Medial Collateral ligament (MCL) injury

Your knee ligaments connect your thighbone to your lower leg bones. The medial collateral ligament (MCL) and lateral collateral ligament (LCL) are found on the sides of your knee. Three bones meet to form your knee joint: your thighbone (femur), shinbone (tibia), and kneecap (patella). Your kneecap sits in front of the joint to provide some protection. Because the knee joint relies just on these ligaments and surrounding muscles for stability, it is easily injured. Any direct contact to the knee or hard muscle contraction — such as changing direction rapidly while running — can injure a knee ligament.

Causes and risk factors

Knee ligament sprains or tears are a common sports injury.  Athletes who participate in direct contact sports like football or soccer are more likely to injure their collateral ligaments. The MCL is injured more often than the LCL. Due to the more complex anatomy of the outside of the knee, if you injure your LCL, you usually injure other structures in the joint, as well.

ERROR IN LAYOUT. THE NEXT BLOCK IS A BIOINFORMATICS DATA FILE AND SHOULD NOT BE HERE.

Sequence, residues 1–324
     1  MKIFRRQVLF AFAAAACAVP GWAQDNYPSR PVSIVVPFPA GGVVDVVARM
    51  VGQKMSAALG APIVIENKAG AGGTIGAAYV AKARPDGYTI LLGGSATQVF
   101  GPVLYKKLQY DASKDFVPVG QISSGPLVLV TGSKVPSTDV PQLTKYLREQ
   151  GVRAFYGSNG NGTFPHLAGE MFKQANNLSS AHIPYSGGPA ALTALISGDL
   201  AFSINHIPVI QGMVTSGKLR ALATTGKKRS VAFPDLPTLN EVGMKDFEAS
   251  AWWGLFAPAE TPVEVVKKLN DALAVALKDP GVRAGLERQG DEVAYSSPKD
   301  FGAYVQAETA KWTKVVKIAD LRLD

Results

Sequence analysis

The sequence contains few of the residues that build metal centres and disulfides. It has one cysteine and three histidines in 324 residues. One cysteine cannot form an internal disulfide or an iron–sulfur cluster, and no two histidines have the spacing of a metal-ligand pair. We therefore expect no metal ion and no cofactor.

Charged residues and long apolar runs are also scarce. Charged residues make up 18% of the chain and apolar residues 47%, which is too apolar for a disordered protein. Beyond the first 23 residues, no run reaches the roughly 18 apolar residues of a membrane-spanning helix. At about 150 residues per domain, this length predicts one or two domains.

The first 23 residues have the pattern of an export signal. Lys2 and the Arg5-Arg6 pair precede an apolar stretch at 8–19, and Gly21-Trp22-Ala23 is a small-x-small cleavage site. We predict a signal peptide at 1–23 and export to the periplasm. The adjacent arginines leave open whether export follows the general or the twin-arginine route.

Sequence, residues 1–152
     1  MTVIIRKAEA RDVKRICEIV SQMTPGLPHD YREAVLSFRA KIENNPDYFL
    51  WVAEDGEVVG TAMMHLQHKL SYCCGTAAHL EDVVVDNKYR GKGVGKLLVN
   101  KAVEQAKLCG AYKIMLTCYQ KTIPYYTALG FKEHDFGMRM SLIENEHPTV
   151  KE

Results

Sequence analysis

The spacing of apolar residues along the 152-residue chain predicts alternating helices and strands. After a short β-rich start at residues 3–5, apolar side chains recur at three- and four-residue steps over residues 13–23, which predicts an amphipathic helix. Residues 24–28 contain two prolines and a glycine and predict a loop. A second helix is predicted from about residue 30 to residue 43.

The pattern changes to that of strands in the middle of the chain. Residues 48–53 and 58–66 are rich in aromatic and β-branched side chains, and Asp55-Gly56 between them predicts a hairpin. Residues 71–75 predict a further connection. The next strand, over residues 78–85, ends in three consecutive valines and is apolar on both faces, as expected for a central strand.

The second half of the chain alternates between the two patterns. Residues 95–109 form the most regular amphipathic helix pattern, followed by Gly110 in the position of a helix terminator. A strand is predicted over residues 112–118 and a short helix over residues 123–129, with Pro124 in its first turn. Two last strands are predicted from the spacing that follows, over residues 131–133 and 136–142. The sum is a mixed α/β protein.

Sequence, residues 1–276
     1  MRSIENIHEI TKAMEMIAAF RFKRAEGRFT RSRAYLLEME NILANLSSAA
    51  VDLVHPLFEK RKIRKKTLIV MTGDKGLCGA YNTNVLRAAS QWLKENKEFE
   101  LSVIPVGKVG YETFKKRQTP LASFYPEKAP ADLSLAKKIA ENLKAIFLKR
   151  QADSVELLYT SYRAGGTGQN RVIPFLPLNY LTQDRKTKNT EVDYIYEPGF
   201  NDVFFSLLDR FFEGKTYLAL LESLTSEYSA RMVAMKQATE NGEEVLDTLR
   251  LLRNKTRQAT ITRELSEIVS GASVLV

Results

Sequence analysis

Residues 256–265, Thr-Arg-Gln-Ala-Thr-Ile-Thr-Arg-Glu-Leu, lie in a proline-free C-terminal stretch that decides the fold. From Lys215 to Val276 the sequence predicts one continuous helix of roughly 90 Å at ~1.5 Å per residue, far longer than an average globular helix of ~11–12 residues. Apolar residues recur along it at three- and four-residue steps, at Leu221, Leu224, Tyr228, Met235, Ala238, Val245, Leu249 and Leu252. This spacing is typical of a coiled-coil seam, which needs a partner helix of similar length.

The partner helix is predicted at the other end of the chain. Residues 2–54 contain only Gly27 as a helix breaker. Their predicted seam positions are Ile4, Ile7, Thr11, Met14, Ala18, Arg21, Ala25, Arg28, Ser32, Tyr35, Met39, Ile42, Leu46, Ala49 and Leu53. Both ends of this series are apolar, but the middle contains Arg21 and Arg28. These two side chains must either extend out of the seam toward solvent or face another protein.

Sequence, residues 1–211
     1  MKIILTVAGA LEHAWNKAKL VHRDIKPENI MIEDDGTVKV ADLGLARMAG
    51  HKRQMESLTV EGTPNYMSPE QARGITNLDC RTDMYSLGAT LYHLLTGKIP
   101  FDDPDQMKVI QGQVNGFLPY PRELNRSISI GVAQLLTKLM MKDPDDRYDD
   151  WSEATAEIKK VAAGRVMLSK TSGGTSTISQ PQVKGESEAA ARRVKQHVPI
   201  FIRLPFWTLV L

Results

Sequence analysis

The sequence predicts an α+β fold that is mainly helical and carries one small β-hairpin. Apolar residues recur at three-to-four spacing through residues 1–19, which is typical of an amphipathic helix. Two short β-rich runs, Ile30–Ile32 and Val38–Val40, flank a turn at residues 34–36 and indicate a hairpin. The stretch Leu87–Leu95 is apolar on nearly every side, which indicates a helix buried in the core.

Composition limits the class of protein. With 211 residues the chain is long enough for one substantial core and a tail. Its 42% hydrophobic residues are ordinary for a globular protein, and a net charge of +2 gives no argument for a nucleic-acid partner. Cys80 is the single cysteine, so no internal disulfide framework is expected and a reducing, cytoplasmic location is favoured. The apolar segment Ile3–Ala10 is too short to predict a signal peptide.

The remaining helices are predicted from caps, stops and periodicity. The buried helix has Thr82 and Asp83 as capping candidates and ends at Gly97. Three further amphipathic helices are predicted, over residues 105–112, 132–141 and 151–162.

Symptoms

  • Pain at the sides of your knee. If there is an MCL injury, the pain is on the inside of the knee; an LCL injury may cause pain on the outside of the knee.
  • Swelling over the site of the injury.
  • Instability — the feeling that your knee is giving way.

Diagnosis and treatment

Injuries to the MCL rarely require surgery. If you have injured just your LCL, treatment is similar to an MCL sprain. But if your LCL injury involves other structures in your knee, your treatment will address those, as well.

Ice. Icing your injury is important in the healing process. The proper way to ice an injury is to use crushed ice directly to the injured area for 15 to 20 minutes at a time, with at least 1 hour between icing sessions. Chemical cold products (“blue” ice) should not be placed directly on the skin and are not as effective.

Bracing. Your knee must be protected from the same sideways force that caused the injury. You may need to change your daily activities to avoid risky movements. Your doctor may recommend a brace to protect the injured ligament from stress. To further protect your knee, you may be given crutches to keep you from putting weight on your leg.

Physical therapy. Your doctor may suggest strengthening exercises. Specific exercises will restore function to your knee and strengthen the leg muscles that support it.

If the collateral ligament is torn in such a way that it cannot heal or is associated with other ligament injuries, your doctor may suggest surgery to repair it.